Swing arm in sandy soil

Discussion in 'Irrigation' started by F6Hawk, May 29, 2005.

  1. F6Hawk

    F6Hawk LawnSite Member
    Posts: 195

    Here's my plan so far:

    1" class 200 from a 3/4" service thru a 1" meter with BFP built-in (city says that is all that is necessary). Mainline & all laterals will be 1" CL200.

    I have read about funny pipe on here, and see that it is easy to use, but my neighbor has more than one rotor that has migrated, and he swears it is because of the funny pipe they used on his system.

    1) Should I go with 3/4" PVC w/4 Marlex ells for a swing arm on the rotors, or do you recommend the funny pipe?

    2) I was planning on using funny pipe on the pop-ups. I saw a neat coupler today, it is a 1" PVC coupler with a barb coming off in a "Y" instead of 90°. Would this work fine for the funny pipe, or is it better to go with a 1X1X1/2 SST?

    3) I see that funny pipe is 1/2", but rotors like the 5000+ & the I-20's have 3/4" inlets. Any reason for that? The cheaper rotors (SA42, SA32, Toros, Orbit, etc) all seem to have 1/2" inlets.

    4) Since I have varied elevations, I was leaning strongly towards the I-20s, or perhaps the 5000+ with SAM, but adding the SAM feature seems to take the price over the I-20s. Which would you recommend?

    Thanks for the help!
    F6
     
  2. Dirty Water

    Dirty Water LawnSite Fanatic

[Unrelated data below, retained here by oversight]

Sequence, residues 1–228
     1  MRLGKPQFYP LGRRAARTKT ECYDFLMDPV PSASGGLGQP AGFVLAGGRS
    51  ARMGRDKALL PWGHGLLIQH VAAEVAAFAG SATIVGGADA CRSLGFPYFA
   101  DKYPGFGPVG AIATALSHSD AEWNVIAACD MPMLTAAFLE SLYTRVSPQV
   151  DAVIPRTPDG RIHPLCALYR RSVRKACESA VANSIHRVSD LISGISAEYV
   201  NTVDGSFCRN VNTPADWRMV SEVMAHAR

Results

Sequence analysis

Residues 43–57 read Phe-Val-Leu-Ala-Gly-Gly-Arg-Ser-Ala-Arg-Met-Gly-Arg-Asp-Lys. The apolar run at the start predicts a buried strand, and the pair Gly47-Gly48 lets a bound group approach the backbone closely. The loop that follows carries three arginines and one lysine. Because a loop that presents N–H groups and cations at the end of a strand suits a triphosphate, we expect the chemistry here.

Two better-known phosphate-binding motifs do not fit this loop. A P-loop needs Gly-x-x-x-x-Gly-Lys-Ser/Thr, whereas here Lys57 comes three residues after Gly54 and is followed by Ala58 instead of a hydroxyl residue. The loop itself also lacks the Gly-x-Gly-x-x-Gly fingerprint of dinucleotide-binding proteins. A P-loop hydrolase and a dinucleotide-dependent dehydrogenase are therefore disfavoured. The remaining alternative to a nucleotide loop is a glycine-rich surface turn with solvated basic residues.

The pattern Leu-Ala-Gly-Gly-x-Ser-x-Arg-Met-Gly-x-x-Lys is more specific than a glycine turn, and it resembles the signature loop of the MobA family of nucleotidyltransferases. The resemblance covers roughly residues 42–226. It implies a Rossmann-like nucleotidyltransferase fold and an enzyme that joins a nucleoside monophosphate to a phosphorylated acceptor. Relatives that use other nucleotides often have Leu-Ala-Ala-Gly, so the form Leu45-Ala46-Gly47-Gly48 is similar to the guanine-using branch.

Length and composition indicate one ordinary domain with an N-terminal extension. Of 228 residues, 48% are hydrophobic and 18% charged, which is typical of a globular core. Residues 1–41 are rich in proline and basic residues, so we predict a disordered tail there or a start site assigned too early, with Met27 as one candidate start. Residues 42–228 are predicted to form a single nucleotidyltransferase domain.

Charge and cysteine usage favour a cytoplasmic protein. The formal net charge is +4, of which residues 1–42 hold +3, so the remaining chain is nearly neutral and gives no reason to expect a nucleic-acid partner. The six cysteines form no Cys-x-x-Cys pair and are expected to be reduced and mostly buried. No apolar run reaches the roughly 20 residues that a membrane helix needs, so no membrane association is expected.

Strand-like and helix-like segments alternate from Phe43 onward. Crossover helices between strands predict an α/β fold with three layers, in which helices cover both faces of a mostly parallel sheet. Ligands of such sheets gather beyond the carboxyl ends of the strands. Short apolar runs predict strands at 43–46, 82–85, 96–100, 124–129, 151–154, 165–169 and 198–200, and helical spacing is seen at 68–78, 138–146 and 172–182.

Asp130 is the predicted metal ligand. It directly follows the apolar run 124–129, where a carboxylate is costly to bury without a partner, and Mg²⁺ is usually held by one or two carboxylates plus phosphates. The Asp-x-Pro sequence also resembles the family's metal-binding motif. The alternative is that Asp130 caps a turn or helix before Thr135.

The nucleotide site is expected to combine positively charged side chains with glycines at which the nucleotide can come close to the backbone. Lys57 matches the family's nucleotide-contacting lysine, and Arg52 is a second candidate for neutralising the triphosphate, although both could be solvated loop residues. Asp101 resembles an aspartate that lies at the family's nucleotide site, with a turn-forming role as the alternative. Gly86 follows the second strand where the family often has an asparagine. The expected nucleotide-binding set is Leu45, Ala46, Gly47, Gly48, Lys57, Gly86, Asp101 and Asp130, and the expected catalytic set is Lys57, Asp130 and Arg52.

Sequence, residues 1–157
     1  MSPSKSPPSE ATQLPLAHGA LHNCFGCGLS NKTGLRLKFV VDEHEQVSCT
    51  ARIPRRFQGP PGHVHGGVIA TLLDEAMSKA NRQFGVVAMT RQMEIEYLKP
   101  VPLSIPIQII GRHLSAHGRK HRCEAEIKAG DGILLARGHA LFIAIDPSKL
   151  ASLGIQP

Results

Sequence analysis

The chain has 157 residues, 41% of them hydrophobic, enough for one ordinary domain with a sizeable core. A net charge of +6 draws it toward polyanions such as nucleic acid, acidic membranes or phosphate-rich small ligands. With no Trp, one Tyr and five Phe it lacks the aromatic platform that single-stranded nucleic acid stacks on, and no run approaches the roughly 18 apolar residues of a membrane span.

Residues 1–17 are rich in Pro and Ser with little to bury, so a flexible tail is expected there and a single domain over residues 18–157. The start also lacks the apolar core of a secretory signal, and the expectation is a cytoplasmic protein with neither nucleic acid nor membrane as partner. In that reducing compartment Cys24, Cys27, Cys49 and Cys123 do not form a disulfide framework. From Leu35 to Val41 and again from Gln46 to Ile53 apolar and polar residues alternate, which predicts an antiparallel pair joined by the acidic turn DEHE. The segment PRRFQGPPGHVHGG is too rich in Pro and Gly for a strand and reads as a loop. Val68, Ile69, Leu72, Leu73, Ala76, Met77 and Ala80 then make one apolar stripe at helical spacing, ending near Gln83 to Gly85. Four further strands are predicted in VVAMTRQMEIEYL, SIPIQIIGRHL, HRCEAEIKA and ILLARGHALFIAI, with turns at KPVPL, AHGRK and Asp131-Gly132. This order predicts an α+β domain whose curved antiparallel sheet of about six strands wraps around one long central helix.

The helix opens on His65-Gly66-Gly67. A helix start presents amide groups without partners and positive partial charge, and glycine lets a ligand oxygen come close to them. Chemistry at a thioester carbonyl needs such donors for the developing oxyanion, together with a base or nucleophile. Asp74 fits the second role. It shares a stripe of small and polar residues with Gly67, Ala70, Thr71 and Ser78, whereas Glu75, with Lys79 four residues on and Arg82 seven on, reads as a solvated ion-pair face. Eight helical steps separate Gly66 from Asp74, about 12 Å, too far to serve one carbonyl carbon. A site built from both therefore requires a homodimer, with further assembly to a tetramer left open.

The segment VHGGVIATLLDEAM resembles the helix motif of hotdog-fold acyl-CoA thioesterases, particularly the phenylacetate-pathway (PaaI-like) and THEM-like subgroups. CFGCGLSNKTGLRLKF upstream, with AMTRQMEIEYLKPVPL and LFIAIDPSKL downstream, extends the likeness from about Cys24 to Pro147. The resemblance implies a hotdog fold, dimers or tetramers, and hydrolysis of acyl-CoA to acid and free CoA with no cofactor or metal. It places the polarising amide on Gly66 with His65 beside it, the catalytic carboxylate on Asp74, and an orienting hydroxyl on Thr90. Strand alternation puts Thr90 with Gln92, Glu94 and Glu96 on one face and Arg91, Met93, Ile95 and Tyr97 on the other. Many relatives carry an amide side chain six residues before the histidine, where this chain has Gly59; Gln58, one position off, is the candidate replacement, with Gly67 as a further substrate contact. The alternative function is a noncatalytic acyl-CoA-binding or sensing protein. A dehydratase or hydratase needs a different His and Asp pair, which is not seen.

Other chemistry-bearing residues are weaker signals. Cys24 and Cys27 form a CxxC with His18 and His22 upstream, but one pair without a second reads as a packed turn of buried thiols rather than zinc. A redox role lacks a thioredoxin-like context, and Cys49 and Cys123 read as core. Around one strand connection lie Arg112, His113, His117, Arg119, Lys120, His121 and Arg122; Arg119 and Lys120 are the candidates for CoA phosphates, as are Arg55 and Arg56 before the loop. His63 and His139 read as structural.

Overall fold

Posts: 6,794

    The Meter has a BFP in it, or theres one after it? Here many new houses already have BFP's installed after the meter, but its not regulation yet.

    I Tamp every head down really good with the butt end of my shovel. If you don't, and your in really sandy (or muddy) soil, the head can drift up a bit. The bottom line is that funny pipe is excellent, you just need to make sure you tamp it in good. You shouldn't be able to pull the head out of the ground by hand if its properly backfilled.


    Funny Pipe. I use a 1/2" threaded to 1/2" barbed fitting (either in a 90, or a straight configuration depending on the heads location), on the sprinker line side, and a marlex streel el and a marlex 90 degree barbed fitting under the sprinkler head.

    The street el gives me one more axis of motion.


    I prefer threaded Tee's with marlex fitting, but either would work in a pinch.

    3/4" inlets on those heads are so the screw on nicely to 3/4" risers...Thats my guess.

    Just use 3/4" marlex fittings.

    You should only need to use a few SAM heads. Usually the last head in the line, or the lowest head. At the most you might need 1-2 SAM heads per zone.

    You could just install regular heads, and then take note of which ones have a drainback problem, and swap out SAM internals for them.
     
  3. Wet_Boots

    Wet_Boots LawnSite Fanatic
    Posts: 48,035